The Winkler Bergthaler Mennonite Church notified Mennonite Church Manitoba and Mennonite Church Canada in late November that it would withdraw from the conferences as of the end of 2015.
The church’s interim pastor, Jake Doell, declined to comment for the record, but the congregation had indicated earlier that it was not pleased with how the conference was dealing with same-sex issues. It had been critical that conference leaders did not clearly state personal positions in favour of the traditional view.
Ken Warkentin, executive director of MC Manitoba, again declined to state his personal opinion saying the church is in a time of discernment “and we have chosen to do this congregationally according to our polity and historical practice.” This is part of an ambitious balancing act that conference leaders have undertaken.
The official position of MC Canada is twofold. First, “God intends marriage to be a covenant between one man and one woman for life.” Second, MC Canada “acknowledges” that some churches “have been led to a different understanding” after “careful study of Scripture and a prayerful journey of discernment.” Area churches and congregations are left to determine how they “create space for testing alternative understandings which might be a prophetic nudging of the Spirit of God.”
This position—an outcome of the Being a Faithful Church (BFC) process—will be put before delegates at the July 2016 assembly in Saskatoon.
Last fall, MC Manitoba presented its delegates with a document designed to clarify its approach to same-sex matters and the differing views among congregations. The criteria for congregational membership with MC Manitoba is “substantial agreement with the Confession of Faith [in a Mennonite Perspective] and each tenet therein.” That confession includes the one man, one woman position quoted above.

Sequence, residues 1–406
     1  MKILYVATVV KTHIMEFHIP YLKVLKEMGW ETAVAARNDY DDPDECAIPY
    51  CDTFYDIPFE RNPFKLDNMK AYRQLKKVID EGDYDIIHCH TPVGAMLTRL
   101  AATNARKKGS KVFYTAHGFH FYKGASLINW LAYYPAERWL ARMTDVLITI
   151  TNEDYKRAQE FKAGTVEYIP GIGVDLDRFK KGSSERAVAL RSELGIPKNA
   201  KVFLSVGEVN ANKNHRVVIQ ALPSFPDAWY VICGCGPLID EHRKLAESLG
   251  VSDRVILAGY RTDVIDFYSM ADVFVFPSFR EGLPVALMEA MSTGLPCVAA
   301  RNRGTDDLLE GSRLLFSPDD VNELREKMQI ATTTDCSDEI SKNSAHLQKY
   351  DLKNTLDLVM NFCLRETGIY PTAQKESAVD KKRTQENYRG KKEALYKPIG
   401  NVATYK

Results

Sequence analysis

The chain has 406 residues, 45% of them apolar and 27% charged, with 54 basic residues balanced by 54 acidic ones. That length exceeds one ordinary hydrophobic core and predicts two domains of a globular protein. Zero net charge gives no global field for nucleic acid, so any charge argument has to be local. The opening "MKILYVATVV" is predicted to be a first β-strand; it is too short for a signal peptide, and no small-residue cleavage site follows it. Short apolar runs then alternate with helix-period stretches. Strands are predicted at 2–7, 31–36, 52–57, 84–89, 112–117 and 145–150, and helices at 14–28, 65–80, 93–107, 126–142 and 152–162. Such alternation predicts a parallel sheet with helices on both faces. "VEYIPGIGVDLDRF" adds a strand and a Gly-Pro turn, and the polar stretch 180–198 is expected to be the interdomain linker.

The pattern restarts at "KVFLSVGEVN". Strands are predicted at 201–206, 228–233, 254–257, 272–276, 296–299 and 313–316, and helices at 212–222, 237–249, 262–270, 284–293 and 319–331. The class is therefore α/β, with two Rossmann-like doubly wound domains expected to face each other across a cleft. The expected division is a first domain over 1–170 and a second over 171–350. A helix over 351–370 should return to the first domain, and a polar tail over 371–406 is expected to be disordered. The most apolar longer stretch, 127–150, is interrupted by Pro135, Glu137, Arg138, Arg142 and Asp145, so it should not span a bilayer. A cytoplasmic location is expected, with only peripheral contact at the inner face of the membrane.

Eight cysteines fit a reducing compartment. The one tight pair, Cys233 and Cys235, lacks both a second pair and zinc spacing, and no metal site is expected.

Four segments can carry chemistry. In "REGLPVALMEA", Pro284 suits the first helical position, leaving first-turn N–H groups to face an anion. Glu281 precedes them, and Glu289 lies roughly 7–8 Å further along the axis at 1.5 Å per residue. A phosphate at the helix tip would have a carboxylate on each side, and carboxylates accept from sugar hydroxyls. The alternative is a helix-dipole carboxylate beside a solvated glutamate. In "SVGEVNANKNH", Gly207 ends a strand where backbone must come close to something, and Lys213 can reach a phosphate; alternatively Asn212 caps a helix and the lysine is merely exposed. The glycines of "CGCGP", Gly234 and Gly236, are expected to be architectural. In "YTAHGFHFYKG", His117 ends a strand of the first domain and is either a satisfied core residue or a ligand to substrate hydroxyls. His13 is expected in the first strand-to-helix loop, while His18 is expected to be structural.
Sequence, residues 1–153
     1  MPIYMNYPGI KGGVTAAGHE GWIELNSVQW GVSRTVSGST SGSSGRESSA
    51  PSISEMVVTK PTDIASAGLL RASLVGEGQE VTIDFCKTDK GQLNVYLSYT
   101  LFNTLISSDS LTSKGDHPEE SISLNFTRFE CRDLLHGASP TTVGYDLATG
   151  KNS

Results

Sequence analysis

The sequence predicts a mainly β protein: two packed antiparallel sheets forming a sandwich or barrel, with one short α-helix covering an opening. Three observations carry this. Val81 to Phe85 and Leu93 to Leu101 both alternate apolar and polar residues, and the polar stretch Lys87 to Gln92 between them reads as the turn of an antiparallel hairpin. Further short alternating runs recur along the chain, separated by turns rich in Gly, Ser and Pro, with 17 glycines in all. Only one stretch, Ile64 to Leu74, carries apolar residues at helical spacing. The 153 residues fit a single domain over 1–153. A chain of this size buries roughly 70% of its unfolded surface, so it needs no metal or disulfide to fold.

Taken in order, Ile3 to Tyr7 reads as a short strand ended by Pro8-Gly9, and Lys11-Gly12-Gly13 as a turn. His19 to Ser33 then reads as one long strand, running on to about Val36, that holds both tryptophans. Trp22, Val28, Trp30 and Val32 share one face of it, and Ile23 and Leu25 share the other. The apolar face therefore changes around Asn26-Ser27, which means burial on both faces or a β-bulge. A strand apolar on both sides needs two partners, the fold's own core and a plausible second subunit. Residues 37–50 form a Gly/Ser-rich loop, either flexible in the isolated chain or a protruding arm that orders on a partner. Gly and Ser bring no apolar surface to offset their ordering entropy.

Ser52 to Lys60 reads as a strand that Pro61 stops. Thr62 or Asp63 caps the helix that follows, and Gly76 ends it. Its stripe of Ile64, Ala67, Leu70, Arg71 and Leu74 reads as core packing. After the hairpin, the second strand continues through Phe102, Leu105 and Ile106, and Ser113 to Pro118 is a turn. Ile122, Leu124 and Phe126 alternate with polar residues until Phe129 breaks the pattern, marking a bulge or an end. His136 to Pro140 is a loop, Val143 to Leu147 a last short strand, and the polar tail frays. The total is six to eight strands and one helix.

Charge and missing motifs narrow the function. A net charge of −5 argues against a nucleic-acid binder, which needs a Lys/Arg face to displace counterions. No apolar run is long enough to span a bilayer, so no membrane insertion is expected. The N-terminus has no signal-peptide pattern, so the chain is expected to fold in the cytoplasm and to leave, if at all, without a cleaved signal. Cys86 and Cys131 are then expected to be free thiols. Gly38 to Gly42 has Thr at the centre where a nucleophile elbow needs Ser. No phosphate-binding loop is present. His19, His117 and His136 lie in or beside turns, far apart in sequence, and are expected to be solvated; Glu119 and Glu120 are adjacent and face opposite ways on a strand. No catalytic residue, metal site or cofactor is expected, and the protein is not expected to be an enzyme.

While recognizing that agreement will never be absolute among all members, the question remains: what constitutes “substantial agreement?” The conference is mandated to “address cases” that “raise the question of ‘substantial agreement.’”
The nine recommendations presented in the document include urging congregations to seek unity, to hold off on finalizing decisions until the nearly seven-year-old BFC process is complete, to be welcoming of people who are same-sex attracted, and to remain in substantial agreement with the Confession.
The document summarizes some of the BFC findings stating that a “significant majority” of responses from MC Canada members reflect the traditional view as expressed in the Confession, but that does not mean people see it as a deal-breaker. “Responses express a desire to be more compassionate and welcoming of those individuals who are same-sex attracted,” the document states, and that differences should not lead to division.
It continues to say that significantly smaller sets of BFC respondents occupy either end of the spectrum, one opposing any visiting of the traditional view and the other wishing for full inclusion of same-sex members.
None of this was sufficient for the Winkler Bergthaler church, the largest and oldest MC Canada church in Winkler, dating back to 1895. Warkentin is deeply saddened by the departure, saying that not only he, but also other MC Manitoba congregations, have valued the relationship with the Winkler Bergthaler church. “I love this church,” he said.
While declining to share the letter the church sent to him, or the amount the church has donated to the conference in the past, he said they have been “very generous.”
The Plum Coulee Bergthaler Mennonite Church, several miles down the road from Winkler, withdrew from the conferences earlier in 2015 for similar reasons.
With these two departures, contrasted by a same-sex wedding at an MC Manitoba church on Dec. 31, 2015, conference leaders and delegates will face an important challenge at the assembly next summer.